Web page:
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Sydney, Australia
14 Mar 2015 - 15 Mar 2015
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Barents Sea

All along the shores of the Kola Peninsula in North Russia, Finno-Ugric tribes (Laplander) have lived since the oldest of ages. In the 11th century, the Viking ships appeared here, and then the Novgorods and the Pomors (Russian settlers and traders on the coasts of the White Sea and the Barents Sea) came.
Barents Sea
Published in X-Ray Issue: 28 - Mar 2009
Authored by: Andrey Bizyukin | Photography: Andrey Bizyukin | Translation:
Download pdf ► Barents Sea
All of them adapted successfully to this severe place, went to the sea to catch animals and fish and to trade their goods. They even drew sea charts. This went on until 1594, a year when a secret Dutch expedition, under the leadership of Captain Willem Barentsz, appeared in this place. Their purpose was to find a northeastern sea pass to Asia and China.
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During their three years here, the Dutchman organized three expeditions to search for a navigable way through the ice. They discovered new lands, charted maps, made meteorological observations, and conducted the first wintering of the Dutch team in the Arctic region. They struggled with scurvy, having lost their ship, and made a desperate attempt to get to safety on two cockboats to reach the Kola Peninsula where they met the ship, поморов. The surviving crew members came back to Amsterdam where they had long been considered dead.

The history of these navigations are described in books by Gerrit de-Fera, The truthful description of three voyages by the Dutch and Zealand ships, to the North from Norway, Moskovia and Tataria, to kingdoms China and Cinchona, and Barents's voyages (Diarium nauticum).

During the last expedition, Willem Barents died of scurvy. According to seamen tradition, he was buried in the sea, which the German geographer, A. Peterman, named the Barents Sea in 1853 in honor of this famous polar explorer.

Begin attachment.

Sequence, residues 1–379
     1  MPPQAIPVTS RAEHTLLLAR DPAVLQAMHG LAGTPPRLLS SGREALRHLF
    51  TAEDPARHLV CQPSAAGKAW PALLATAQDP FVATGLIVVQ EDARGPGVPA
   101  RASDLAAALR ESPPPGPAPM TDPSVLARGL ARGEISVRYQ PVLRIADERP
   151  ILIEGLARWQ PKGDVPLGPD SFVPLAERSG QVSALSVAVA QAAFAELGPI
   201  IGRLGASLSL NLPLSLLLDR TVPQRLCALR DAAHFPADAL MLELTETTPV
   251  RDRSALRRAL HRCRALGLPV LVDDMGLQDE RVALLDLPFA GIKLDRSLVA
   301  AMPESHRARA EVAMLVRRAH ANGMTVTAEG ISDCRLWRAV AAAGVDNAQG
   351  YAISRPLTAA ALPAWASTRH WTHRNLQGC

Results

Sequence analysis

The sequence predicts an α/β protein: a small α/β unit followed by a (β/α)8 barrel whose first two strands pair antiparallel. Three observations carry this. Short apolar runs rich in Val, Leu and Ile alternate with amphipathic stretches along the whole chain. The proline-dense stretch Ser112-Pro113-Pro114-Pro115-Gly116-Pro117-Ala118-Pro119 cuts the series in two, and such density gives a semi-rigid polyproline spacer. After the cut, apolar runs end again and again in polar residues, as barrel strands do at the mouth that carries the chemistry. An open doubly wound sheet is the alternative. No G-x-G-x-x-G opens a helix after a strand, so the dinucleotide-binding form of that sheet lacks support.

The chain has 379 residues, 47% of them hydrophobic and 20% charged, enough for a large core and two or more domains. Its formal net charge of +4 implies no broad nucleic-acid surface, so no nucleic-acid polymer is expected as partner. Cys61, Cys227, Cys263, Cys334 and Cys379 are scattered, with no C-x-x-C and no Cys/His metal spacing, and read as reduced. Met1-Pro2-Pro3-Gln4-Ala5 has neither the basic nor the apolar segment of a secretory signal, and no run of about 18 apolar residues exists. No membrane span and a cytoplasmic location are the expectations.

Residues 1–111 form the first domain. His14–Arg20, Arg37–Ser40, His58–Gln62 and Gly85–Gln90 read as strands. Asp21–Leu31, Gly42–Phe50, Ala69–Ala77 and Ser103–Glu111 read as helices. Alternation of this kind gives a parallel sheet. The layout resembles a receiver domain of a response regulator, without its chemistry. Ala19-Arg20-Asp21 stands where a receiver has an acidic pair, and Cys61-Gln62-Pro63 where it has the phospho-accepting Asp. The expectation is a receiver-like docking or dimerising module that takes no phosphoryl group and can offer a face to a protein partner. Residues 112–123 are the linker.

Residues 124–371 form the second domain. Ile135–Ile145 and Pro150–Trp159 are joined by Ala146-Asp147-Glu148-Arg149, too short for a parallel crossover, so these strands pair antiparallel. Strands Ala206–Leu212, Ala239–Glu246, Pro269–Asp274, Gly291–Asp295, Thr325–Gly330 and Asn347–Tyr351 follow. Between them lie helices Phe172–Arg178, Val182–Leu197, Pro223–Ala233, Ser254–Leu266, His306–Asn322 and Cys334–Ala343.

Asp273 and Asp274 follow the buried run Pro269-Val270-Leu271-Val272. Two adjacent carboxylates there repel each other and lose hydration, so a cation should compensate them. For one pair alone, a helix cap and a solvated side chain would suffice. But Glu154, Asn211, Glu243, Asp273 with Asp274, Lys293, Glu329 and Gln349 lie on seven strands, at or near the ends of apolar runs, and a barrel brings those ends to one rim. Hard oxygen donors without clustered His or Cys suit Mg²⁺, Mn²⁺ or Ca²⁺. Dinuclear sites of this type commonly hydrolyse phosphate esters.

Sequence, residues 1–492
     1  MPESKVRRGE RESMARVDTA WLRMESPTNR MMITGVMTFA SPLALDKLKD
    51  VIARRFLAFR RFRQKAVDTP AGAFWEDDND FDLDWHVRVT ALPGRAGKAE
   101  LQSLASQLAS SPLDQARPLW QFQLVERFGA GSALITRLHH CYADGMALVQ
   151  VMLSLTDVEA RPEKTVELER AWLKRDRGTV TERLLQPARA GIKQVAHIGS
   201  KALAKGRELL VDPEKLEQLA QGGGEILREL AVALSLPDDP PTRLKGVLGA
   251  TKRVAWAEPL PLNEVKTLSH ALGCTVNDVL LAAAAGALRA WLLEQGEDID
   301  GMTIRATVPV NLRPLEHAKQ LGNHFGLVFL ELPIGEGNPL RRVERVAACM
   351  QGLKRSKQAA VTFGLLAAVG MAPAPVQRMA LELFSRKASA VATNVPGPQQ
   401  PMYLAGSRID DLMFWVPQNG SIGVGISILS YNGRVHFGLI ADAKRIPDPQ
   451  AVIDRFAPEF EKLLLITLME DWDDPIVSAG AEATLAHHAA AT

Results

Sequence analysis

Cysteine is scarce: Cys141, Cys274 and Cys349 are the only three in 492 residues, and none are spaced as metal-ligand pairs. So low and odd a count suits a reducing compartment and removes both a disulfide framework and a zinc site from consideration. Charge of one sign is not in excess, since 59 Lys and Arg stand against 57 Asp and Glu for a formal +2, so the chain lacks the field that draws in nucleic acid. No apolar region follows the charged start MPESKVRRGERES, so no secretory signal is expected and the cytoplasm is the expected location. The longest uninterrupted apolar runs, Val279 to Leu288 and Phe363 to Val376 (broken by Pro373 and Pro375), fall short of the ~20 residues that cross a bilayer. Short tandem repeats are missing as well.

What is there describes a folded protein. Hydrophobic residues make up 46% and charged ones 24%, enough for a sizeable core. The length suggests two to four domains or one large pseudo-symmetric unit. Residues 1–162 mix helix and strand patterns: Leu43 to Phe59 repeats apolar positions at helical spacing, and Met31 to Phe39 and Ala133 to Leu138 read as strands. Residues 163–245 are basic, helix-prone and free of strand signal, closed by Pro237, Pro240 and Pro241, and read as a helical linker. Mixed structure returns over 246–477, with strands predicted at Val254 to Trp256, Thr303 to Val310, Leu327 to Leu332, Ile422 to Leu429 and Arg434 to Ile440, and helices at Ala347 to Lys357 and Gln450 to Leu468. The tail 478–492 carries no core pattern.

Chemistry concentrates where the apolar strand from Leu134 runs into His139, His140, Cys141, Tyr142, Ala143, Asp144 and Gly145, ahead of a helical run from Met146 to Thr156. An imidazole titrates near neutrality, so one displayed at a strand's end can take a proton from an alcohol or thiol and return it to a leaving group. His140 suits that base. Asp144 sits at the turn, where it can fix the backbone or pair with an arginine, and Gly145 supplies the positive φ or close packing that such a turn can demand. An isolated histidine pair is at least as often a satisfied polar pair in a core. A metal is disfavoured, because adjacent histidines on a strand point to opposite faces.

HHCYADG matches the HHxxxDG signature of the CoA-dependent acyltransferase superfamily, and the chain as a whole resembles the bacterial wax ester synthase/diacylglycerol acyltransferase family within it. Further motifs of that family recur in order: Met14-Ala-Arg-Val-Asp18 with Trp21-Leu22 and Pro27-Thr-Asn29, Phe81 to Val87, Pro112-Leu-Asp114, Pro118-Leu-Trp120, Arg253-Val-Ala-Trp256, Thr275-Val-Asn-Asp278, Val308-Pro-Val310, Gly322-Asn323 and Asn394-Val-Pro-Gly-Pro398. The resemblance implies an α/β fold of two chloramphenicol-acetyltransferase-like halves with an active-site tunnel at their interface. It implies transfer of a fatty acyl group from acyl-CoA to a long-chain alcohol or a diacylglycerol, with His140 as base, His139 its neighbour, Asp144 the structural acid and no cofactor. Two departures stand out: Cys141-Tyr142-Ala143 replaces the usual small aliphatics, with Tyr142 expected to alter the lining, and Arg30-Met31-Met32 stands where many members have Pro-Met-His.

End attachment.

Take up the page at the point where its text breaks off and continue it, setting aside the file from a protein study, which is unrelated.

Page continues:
Diving in Russia?
In discussing the best dive sites of the world with foreign journalists—the elite of the international diving press—we found out with surprise that our writer/diver friends knew practically nothing about diving in Russia. From year to year, such erudite divers of most other countries asked us the same questions: Where is it interesting to dive in your country? Where are the best dive locations, etc.?

Certainly, Russia is the country of 13 seas, but how do you talk about all the diving attractions in each of them? Where does one find authoritative experts, photographers and dive guides from the best diving locations in Russia, to describe all the unique features and beauty of the underwater world of this country?

In the midst of these infinite meditations, we were interrupted by the unexpected offer to dive on the Barents Sea to the north of the Kola Peninsula in the territory of the Kandalaksha nature reserve. If one has a look on a map, it is to the east of Norway and even further to the east of the city of Murmansk.

The offer looked routine and not promising of anything especially new. We knew practically nothing about the diving features in this region, but all the same, decided to go, in order to start to build up a personal collection of details on Russian dive sites for our foreign friends.

We had already dived in Norway, and as the north of the Kola Peninsula is a continuation of the Norwegian coast, which is already known as a classic in the best cold water dive sites of the world, we expected to see an underwater world very similar to the Viking country. It was also interesting to us to have an opportunity to compare diving in the Barents Sea to that of the Norwegian Sea.

The northern coast of the Kola Peninsula, or southern edge of the Arctic Ocean, is straighter than the rest. Here, there are very few warm fjords and only a few good bays. That’s why the influence of the Arctic Ocean is felt so very much up here, and strong storms happen quite often.

There are three natural landscapes one passes during the four hours of driving from the airport of Murmansk to the region, and 70 kilometers of broken roads up to the fishing settlement of Teriberka where we would be boarding our dive boat. The coniferous and mixed woods came to an end as soon as we crossed the snowy hills, and the forest tundra with rare bush from Karelian birch, thawed streams and snow fields, began.

Nearing the coast at the Arctic Ocean, even dwarfish trees disappear. Here, ....

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